Most people can't help but feel a sense of giddiness at the first signs of spring. While this season certainly has its perks, with buds blooming and the smell of freshly cut grass filling the air, Mother Nature can also present some less than pleasant conditions during this time of the year. In celebration of America's PrepareAthon, facility managers and their maintenance teams should take the time to sit down and consider the possibility of being faced with various natural disasters that tend to occur during spring. This way, they can determine if both their buildings and staff members are ready in the event that something does happen to come their way.
What are the chances?
FEMA explained that the first step in being prepared is understanding your risks. Various parts of the country are affected by different kinds of weather, meaning that your facility doesn't face threats of every natural disaster out there. If you familiarize yourself with what could happen in your neck of the woods, you can have all of the resources lined up so you can expect the unexpected, using preventative facility maintenance management to lessen the blow of a possible catastrophe.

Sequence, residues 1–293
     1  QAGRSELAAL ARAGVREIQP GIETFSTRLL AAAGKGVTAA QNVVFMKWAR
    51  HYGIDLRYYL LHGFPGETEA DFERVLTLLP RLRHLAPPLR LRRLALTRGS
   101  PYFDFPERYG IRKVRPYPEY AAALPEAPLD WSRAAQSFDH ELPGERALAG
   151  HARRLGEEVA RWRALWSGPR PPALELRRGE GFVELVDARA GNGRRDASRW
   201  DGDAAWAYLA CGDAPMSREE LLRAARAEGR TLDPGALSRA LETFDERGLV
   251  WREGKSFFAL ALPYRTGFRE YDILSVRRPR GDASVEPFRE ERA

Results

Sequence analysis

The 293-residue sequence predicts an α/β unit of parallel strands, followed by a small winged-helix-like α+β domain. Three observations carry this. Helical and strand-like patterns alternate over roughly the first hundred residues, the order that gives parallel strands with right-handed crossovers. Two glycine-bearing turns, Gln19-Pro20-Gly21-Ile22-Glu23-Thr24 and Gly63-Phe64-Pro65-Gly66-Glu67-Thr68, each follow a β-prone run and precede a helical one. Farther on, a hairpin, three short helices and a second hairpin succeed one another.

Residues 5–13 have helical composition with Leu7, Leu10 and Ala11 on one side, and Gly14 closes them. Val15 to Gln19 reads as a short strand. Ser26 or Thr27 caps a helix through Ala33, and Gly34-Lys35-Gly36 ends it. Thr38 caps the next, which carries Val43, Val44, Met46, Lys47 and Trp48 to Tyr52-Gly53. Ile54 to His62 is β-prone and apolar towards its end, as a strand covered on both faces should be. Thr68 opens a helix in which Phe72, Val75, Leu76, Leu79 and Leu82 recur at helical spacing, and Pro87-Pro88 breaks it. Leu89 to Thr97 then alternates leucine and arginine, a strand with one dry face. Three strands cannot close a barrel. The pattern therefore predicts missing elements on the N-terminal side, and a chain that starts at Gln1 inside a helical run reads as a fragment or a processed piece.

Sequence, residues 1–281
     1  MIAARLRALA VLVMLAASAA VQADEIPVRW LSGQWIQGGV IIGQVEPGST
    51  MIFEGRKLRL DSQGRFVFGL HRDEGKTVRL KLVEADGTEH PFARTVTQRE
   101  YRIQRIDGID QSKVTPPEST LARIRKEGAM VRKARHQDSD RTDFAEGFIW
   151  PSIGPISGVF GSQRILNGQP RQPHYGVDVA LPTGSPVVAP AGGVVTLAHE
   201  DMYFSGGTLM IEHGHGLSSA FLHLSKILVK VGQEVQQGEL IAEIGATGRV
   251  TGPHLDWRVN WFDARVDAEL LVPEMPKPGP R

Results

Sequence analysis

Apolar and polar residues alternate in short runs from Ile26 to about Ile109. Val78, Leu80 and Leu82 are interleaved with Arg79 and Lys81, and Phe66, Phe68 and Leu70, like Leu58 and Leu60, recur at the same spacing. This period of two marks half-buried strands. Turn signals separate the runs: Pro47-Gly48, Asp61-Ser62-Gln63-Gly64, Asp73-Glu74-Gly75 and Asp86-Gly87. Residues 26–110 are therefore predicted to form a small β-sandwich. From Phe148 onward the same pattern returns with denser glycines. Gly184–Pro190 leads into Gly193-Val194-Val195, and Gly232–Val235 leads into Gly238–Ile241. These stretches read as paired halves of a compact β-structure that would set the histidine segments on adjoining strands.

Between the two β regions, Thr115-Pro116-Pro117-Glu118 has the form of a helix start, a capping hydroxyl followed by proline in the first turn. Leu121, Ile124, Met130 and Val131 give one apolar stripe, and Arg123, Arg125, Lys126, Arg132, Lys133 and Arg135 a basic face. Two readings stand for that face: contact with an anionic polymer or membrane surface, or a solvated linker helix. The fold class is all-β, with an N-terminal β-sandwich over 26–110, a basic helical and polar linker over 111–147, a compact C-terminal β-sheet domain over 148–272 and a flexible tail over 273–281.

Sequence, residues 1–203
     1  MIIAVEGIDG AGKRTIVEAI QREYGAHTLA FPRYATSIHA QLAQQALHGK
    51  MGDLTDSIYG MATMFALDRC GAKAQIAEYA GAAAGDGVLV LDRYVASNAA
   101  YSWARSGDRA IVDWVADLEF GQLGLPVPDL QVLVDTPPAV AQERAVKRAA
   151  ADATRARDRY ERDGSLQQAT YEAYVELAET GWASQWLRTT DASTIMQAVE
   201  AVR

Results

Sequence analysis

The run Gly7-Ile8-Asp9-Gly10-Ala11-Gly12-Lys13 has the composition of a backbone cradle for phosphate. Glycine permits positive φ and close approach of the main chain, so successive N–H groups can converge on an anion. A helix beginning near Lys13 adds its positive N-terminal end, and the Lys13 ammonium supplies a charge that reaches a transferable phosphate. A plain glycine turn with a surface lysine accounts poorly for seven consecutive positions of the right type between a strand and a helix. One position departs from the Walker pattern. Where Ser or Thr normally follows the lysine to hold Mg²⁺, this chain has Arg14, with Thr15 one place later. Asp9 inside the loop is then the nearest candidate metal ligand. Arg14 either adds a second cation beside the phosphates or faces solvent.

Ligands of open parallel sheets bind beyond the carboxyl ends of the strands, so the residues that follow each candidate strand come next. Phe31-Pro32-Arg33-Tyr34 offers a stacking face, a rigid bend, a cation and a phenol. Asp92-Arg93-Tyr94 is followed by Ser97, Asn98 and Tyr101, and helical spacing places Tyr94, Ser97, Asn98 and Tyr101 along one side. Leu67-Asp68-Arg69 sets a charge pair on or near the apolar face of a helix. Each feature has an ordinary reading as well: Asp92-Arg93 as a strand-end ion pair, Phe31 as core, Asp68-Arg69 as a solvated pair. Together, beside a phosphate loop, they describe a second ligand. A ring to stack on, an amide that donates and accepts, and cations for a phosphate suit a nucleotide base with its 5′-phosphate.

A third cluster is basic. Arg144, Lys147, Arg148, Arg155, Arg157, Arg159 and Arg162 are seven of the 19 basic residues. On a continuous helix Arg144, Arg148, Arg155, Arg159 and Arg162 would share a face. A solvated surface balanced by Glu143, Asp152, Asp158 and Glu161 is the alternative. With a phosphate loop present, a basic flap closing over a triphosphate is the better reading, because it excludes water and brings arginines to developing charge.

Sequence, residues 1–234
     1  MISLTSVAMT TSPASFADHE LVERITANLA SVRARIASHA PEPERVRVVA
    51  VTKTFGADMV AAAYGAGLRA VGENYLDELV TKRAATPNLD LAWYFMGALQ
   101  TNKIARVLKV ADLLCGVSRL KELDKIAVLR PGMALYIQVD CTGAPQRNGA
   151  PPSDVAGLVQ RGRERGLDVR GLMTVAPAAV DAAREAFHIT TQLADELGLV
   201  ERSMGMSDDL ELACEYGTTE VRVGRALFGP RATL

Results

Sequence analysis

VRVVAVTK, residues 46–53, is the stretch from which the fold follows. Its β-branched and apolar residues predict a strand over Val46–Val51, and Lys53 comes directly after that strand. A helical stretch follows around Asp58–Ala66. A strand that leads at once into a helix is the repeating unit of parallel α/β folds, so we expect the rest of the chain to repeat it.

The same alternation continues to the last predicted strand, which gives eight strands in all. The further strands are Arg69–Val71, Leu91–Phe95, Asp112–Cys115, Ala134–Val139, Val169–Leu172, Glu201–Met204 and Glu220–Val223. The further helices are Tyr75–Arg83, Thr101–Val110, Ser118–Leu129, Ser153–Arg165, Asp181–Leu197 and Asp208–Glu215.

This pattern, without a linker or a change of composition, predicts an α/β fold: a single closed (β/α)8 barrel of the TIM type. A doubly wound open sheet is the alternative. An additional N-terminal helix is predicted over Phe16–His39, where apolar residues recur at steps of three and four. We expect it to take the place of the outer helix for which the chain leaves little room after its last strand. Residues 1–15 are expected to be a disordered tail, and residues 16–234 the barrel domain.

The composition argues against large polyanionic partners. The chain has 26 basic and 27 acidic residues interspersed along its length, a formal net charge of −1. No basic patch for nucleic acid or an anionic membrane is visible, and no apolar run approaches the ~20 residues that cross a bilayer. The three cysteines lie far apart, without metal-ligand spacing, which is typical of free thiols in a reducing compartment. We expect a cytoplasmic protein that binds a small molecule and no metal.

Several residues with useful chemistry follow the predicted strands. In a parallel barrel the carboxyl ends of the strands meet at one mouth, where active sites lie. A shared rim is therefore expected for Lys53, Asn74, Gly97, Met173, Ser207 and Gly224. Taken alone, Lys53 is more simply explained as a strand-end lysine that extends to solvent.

Know your disaster risks
Wildfire is the natural force that most portions of the U.S. face, as flames can affect just about anywhere at anytime. Granted, you may usually hear news flashes about these blazes wreaking havoc on the Western part of the nation. That's only because the terrain and dry vegetation tend to lend themselves to throwing fuel on the fire and allowing the flames to spread - but that's not to say that wildfires can't spark in other areas, because they can.
Less common are tornadoes, as these violent spirals of wind do damage in places where the land is flat. Cyclones lose speed when they combat mountainous landscapes, and, consequently, they typically touch down on the plains throughout the middle of the country.
For your facility to face a flood, water must be involved. For this reason, these generally occur in places on the coast or that experience ample rainfall each year. The Northeast is generally a hotspot for floods, in addition to Southern California, Arizona and Texas.
Hurricanes and tropical storms feed off of warm water, meaning that they like to give the East Coast - particularly the southern portion affected by the Gulf Stream - quite the beating. They generally strike when the currents are at the most agreeable temperatures, ranging from early June to late November.